As voters go to the polls in the most watched and analyzed non-election election in years — the attempted recall and replacement of the governor of the nation’s largest state — there is an obvious takeaway: If the effort succeeds and any of the Republicans on the ballot, most likely outspoken libertarian gadfly Larry Elder, takes the place of Gavin Newsom, it would be a disaster of epic proportions for the Democratic Party — and not just in California.
But few have contemplated the consequences if Newsom wins out, and voters reject the recall by the healthy margin now predicted: “Do not remove” is leading “remove” by an average of 17% in the five polls conducted over the last week.
Crisis being the co-author of opportunity, the governor can do far more than simply survive this recall. He can use his survival to declare himself a martyr for the progressive cause. He can turn a liability — the embarrassment of the first recall to hit the ballot in 18 years — into an asset, proclaiming himself the light holding back the lingering darkness of Trumpism.
And why shouldn’t Newsom be able to survive? He is the most powerful official in a state with 40 million people, and he has called in markers from every major Democrat-leaning entity in his gigantic jurisdiction. He has outraised recall organizers by roughly ten to one in a state with twice as many Democrats as Republicans. Every major Democrat, from Barack Obama on down, has come directly to his aid. On top of that, unlike the successful recall of 2003, when the options to replace Governor Gray Davis at least included a familiar name, Arnold Schwarzenegger, Elder is largely unknown, inexperienced in government, and easy to pick apart based on the sheer volume of his controversial media rants over the years.
An $80 million war chest, the outgoing support of every major Democrat, labor union, and public union, on top of the reliable progressives of Silicon Valley, and a vulnerable opponent atop a pack of disappointing challengers sound like a winning formula.
But Newsom’s personal martyrdom would serve a concrete purpose far beyond the Golden State.
Consider the sorry prospects for the potential Democratic presidential field for 2024. Who comes to mind as a truly promising candidate to send up against the Republicans? Biden will be 82 years old. Kamala Harris is even more unpopular than when her presidential campaign hit the skids in the first inning. Most of the remaining prospective candidates, outside of perhaps Pete Buttigieg, have either disgraced themselves or at least devalued their political brands in 2020. If Newsom survives this challenge, he could almost instantly become the go-to guy for ‘24 — young, handsome, dynamic, articulate, and authentically progressive. Most observers on the left coast believe he’s had his eye on the White House for years, and being governor of California and a martyr for the cause to boot provides an instant high-visibility launching pad. In addition, Biden placed several key officials from California tied to Newsom in his fledgling administration, suggesting that an eventual Newsom presidential candidacy is already in the cards.
On the other hand, it could be argued that the fact he is from California — viewed by much of America as, shall we say, an alternative culture — would actually disqualify him in the eyes of those crucial heartland voters who put Trump over the top in 2016 and Biden in 2020. But many factors will intervene before we know how he will play across the land.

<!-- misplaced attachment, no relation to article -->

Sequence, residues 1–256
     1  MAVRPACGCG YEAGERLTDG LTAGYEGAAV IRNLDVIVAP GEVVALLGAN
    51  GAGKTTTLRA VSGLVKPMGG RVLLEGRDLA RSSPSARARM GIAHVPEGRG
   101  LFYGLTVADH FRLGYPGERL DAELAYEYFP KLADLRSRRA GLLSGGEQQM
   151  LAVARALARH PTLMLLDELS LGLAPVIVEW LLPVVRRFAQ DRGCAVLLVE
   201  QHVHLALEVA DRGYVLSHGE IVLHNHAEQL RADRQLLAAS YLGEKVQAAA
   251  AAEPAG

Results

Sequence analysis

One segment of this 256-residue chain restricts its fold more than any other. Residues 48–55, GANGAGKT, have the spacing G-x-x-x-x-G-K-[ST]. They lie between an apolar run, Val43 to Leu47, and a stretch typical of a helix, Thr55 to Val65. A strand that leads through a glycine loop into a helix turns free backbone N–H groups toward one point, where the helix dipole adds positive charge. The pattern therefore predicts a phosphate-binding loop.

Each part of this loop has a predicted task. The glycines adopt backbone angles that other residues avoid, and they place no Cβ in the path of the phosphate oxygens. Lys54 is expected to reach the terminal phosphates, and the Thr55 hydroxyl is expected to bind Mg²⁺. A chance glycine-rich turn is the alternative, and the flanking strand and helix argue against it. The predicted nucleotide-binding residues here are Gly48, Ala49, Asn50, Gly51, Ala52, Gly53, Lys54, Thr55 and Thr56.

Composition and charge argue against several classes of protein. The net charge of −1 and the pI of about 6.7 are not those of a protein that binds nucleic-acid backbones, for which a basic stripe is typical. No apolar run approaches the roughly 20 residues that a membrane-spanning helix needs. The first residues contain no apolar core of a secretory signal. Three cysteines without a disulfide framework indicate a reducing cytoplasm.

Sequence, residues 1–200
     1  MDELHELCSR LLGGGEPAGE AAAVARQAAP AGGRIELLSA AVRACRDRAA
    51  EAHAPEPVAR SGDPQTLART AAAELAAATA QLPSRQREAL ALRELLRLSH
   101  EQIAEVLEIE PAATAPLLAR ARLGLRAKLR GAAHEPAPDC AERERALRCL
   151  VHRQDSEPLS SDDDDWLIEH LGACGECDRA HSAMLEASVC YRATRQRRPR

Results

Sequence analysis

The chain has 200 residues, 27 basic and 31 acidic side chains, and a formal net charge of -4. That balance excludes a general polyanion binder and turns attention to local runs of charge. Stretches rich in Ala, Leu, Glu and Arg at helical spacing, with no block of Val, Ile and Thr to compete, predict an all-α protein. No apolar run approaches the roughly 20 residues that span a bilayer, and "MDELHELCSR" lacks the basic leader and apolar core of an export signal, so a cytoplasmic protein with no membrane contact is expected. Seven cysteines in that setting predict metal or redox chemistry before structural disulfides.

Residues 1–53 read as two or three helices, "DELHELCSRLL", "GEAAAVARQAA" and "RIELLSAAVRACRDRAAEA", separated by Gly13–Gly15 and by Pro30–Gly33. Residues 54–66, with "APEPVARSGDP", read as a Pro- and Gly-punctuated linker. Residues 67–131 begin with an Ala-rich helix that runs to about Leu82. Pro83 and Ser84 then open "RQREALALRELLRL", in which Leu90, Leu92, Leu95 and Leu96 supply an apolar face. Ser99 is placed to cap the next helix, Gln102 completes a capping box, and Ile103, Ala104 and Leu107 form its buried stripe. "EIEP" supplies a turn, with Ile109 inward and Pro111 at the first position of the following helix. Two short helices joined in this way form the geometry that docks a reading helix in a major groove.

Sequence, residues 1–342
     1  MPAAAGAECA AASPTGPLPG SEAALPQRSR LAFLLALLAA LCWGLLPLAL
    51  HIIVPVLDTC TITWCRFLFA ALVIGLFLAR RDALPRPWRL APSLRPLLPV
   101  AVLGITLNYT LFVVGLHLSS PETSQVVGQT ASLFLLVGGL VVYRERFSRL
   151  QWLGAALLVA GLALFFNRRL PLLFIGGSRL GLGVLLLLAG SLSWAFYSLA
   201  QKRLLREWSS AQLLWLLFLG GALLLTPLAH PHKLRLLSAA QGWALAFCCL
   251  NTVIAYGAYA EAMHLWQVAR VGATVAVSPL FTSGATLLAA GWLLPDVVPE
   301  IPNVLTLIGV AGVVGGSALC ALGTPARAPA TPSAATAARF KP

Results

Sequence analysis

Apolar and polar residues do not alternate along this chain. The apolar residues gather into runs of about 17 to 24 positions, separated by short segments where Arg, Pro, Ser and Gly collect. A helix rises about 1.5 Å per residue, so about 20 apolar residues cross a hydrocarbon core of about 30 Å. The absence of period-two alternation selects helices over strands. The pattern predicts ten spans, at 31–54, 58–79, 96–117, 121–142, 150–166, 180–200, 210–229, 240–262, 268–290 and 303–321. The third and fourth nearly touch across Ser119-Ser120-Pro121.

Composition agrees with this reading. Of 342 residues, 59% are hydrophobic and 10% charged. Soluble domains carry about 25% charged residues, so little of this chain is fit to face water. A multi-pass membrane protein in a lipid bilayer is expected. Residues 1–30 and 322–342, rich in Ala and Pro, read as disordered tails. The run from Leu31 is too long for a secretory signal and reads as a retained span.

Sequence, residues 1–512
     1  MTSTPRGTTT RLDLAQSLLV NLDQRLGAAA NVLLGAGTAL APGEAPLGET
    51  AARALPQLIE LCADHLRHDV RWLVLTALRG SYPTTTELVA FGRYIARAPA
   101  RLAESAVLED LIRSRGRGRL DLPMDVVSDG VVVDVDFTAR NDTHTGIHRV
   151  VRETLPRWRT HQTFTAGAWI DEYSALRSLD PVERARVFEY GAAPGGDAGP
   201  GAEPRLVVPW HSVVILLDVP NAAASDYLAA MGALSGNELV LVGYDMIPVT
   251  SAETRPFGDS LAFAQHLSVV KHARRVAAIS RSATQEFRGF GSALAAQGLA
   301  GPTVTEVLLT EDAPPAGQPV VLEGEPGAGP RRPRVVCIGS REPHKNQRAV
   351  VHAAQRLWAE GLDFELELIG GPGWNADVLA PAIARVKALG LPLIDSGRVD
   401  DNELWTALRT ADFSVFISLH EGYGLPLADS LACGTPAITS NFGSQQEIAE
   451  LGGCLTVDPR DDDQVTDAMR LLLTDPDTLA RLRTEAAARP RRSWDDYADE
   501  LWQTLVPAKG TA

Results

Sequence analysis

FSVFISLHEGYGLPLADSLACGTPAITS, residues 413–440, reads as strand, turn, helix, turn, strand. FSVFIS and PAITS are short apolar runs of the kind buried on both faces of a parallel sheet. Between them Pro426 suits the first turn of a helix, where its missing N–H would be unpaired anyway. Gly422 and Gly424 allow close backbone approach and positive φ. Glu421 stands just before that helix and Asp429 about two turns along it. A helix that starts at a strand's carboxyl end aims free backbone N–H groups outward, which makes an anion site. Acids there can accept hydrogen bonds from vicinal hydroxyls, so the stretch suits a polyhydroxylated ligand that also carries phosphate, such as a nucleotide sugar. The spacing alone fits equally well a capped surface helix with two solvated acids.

The sheer imagery of Newsom’s infamous highbrow dining experience in 2020, violating his own strict masking standards, might have been enough to make the effort to put this recall on the ballot a success, especially since, thanks to a 100-year-old law, only 12% of the state’s voting population’s signatures were necessary; for most other states that allow such a process, the requirement is 25%. And that infamous French Laundry dinner, in honor of a lobbyist for the hated energy industry no less, came on top of gathering controversy over his handling of schools during the pandemic, the rise of critical race theory, wildfires destroying some four million acres across the state, and no less than 160,000 homeless serving as a national embarrassment. All this as Californians try desperately to survive confiscatory taxation rates and a contraction of California’s economy, which has been squeezing the life out of the state’s middle class and leading to a once-unthinkable decrease in population for the first time.
Recall organizers have appealed directly to rank-and-file voters, the people in between the very rich and very poor who are increasingly the only socioeconomic groups thriving under the California state of order. They have decried:
“Unaffordable housing. Record homelessness. Rising crime. Failing schools. Independent contractors thrown out of work. Exploding pension debt. And now, a locked down population while the prisons are emptied. Hold Gavin Newsom accountable. Gavin Newsom must go.”
At the same time, don’t undersell Newsom’s appeal to Californians over the years before the pandemic. He rose the political ladder on the strength of his ties to the state’s most powerful families, becoming mayor of San Francisco and lieutenant governor before winning the gubernatorial race in 2018 by the largest margin of any non-incumbent since the Great Depression.
Newsom certainly won’t roll over and, given his many structural advantages, will likely survive this effort to all but end his political career before it heads on the express train to Pennsylvania Avenue. And if he does, it might feel less like he survived a recall and more like he just won the first presidential primary of 2024.
Read more from Tim Donner.